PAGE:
This Old House
There once were some bankers from Gaff
Whose products were layered with math.
With assets worth billions
Now stated in millions,
Those chaps were too clever by half!
With the U.S. mortgage finance industry in a serious state of disrepair, now is the time to draw up the blueprints, acquire some new tools, roll up our sleeves, and get to work building a sounder structure.
Houses have foundations and support elements, plumbing and electrical, heating and cooling systems, insulation, and, of course, décor. So too, the mortgage finance industry is made up of a set of components such as property appraisers, and loan brokers, originators, servicers; and holders. And just as houses cannot be built without the consent of local officials who determine zoning and building codes, the mortgage finance industry operates under the jurisdiction of various federal and state regulators.
Back in the day, mortgage holders were most likely the originating banks and thrift institutions (as they were fondly called), but the residents of that staid “buy and hold” bungalow have been displaced by occupants of glamorous “originate and sell” mansions. These occupants include independent brokers selling loans on behalf of mortgage banks, which themselves raise funds in capital markets instead of relying on insured deposits. And now the family of mortgage holders include not only the familiar secondary market entities Fannie Mae, Freddie Mac, Ginnie Mae, and FHA/VA, but also and importantly, global investors who hold claims to portions of mortgage pools that have been aggregated by investment banks, layered with private insurance, and graded by private rating agencies.
Explanations of the mortgage debacle range from lenders’ greed and borrowers’ naiveté on the one hand, to all actors in the drama merely responding to the incentives in front of them. The greed-cum-naiveté story leads us in the direction of sturdier consumer protection, such as the Federal Reserve’s proposed revisions to its Truth in Lending regulation (adopted under the Home Ownership and Equity Protection Act), higher standards for state banking supervisors, who license mortgage brokers, and stronger financial literacy programs.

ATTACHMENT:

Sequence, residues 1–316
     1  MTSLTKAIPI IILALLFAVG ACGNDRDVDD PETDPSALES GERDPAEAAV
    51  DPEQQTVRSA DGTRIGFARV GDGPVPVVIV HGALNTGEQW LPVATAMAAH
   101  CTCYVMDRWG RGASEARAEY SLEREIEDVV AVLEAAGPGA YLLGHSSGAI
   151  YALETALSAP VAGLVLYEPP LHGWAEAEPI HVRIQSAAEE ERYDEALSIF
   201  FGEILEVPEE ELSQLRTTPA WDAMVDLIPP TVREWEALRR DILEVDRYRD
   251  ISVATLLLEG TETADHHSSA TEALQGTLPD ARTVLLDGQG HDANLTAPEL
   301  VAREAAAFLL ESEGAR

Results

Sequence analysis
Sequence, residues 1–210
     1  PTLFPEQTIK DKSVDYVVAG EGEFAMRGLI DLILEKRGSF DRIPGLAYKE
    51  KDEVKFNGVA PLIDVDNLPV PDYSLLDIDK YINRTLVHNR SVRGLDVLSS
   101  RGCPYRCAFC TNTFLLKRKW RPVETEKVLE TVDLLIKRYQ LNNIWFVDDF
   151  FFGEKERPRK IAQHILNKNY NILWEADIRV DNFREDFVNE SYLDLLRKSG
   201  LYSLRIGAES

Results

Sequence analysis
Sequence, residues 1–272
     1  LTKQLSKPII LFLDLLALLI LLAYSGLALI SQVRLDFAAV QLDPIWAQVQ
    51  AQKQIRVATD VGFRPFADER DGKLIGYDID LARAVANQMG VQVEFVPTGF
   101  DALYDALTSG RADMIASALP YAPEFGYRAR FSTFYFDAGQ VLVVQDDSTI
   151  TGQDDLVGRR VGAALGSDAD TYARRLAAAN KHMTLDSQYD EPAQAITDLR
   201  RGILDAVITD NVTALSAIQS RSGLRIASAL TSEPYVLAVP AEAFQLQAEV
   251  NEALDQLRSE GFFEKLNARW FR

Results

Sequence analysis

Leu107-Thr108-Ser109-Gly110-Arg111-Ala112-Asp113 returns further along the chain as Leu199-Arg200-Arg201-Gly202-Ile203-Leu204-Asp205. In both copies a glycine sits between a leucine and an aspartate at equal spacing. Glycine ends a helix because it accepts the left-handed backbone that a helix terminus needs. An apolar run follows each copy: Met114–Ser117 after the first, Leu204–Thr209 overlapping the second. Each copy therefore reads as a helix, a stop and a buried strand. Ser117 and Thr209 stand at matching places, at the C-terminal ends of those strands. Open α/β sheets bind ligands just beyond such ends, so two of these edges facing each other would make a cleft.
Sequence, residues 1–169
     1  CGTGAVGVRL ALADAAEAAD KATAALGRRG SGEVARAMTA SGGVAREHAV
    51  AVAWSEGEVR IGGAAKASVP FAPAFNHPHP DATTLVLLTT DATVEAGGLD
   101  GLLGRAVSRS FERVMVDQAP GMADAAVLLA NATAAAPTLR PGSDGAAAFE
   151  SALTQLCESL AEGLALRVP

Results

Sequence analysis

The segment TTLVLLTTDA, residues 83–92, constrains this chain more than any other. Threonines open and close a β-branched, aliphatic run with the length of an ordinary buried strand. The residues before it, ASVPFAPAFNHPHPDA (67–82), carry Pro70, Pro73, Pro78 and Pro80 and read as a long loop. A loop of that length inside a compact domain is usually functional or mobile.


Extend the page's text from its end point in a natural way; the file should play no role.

The incentives story reminds us that human nature is susceptible to the lure of the fast buck, such as the chance to earn excessive returns from mortgage-backed securities or buying a house with no money down. In recent years, mortgage lures became so powerful that investors happily filled the entire structure—from wholesale investment bankers to retail mortgage brokers—with cash, all fees and commissions paid up front. And many borrowers, it is said, tried to live beyond their means either by borrowing heavily to acquire a home or maintaining their living standards by cashing out equity built up in better times. Not having to put much equity into the deal, and having low monthly payments, created strong incentives for home buyers hoping to live the American Dream.
So how can we build a stronger structure for financing mortgages? Several ideas are being advanced, including more borrower equity in the deals; more disclosure to borrowers about the terms and conditions of the loan; better education for borrowers before they shop for loans; greater investor liability for any illegal, unfair, or abusive practices committed earlier in the ownership chain.
Lawmakers and regulators are finding some holes in the mortgage finance industry that merit repair, but they should realize that the industry participants—brokers, originators, investment bankers, rating agencies, and consumers—are also likely to change their behavior in response to the market forces unleashed by the current fiasco. There is every reason to believe that the rehabbed industry will be sturdier than the one it replaces and able to protect everyone it serves from losing the roofs over their heads.